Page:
It's the first day of a new year. I often wonder if this day is magically supposed to feel different than the last day of the last year. Seldom do they. When I was a kid, scared permanently from my borderline fundamentalist religious upbringing, I usually thought Jesus would return as the clock struck 12:01 a.m. on January 1st. In those hours leading up to it, while eating sandwiches made by my grandma with the crusts cut off, I would sincerely repent of things that I knew probably would keep me from heaven. You know 10 year old stuff; sassing my parents, fighting with my sisters and then throwing the blame on them so that they would get in trouble with my mom, saying I brushed my teeth when my mom asked when I really had only put the toothbrush under the faucet to feign a real brushing, standing up inside constantly in defiance when being told to do most anything by my parents, socking my middle sister in the boobs just to hear her scream. Mostly repenting of the big things in life. When Y2K rolled onto the horizon all the world got a bit crazy. There were religious zealots out there declaring the end of time to come. That Jesus was coming back (ok, great here we go again with the Jesus coming back on New Year's Day again). There were non-religious zealots out there who believed that technologically the glitch in the world clock would cause all systems to shut down creating a sort of universal mayhem which would lead to no food or water or electricity or the transacting of the financial world. A screeching halt would occur that would render civilization as we knew it useless. I had $800 in cash hidden in a shoe, 10 gallons of water, 2-10 gallon containers of gasoline in the garage, some various canned foods that would have only kept me alive for a few weeks. I though had no way to keep warm if the electricity went out, no ability to get running water, or access my money in the bank if all systems shut down. We all counted down with Dick Clark (previous to his stroke) to 1. Nothing. It was a moment, a day like every other day. I came away from that New Year's Eve with $800, 2-10 gallon containers of gasoline, 10 gallons of water, and some canned goods. It was a great day! There were years when I was young that I would propound some great goal to achieve in the year to come. Some great discipline I would obtain in the months to come. I don't do that any more. I don't think I need a magic day to start something new. To change something in myself. To unleash passion. March 11th works just as well as January 1st. What I do though like about January 1st is that I usually do my own Lynn's Year In Review similar to TIME magazine. I think about how fast time has gone, what all I did the past year, how blessed I am, did I move my checker on the checker board closer to the passions in my life, did I love others including those closest to me the best I knew how, what each season brought to me in terms of projects-relationships-firsts-reactions-progress forward-inward healing. I had a great year in 2011. The heartache of 2010 fell away to some degree and love entered my world for the first time in my life. I had firsts in every season and holiday with a man that I deeply loved. I moved forward further with writing. I laughed alot. I treasured my family and my new family. I celebrated the handful of friends who have enriched my life and stood with me in mountains of change. I am a Leo, astrologically speaking. I found my roar in 2011.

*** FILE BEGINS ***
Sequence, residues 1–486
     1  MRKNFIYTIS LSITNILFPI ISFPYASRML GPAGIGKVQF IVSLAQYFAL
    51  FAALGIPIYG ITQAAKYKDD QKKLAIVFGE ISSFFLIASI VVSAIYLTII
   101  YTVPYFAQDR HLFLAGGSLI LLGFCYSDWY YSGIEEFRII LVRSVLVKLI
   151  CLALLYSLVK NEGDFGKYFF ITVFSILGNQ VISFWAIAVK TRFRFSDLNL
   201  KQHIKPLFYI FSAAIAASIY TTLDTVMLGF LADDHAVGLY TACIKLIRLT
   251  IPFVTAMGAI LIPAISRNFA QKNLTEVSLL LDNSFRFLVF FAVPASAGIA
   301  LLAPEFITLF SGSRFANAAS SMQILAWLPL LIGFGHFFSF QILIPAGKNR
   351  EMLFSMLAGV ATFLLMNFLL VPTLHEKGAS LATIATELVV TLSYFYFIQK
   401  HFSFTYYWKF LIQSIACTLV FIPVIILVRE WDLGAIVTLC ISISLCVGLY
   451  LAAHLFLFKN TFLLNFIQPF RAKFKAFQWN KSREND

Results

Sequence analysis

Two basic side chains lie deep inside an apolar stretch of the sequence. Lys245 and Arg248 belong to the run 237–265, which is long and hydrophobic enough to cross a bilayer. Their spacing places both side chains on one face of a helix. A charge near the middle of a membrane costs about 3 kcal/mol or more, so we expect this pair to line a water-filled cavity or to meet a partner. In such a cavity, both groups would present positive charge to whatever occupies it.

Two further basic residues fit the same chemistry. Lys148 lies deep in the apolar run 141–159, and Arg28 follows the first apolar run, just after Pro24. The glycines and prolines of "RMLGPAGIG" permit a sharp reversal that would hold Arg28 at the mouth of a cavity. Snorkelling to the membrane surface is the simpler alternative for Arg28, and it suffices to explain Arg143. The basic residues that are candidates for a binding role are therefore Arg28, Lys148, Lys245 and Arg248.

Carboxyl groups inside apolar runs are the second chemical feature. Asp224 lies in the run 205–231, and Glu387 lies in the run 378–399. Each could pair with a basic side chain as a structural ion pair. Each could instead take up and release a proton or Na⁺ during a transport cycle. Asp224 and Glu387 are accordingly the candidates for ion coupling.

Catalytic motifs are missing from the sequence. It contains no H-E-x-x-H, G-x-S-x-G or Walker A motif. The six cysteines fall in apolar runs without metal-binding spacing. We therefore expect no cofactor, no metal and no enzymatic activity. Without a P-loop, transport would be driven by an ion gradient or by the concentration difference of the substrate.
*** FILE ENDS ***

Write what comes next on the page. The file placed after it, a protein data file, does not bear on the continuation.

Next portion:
No comments:

Post a Comment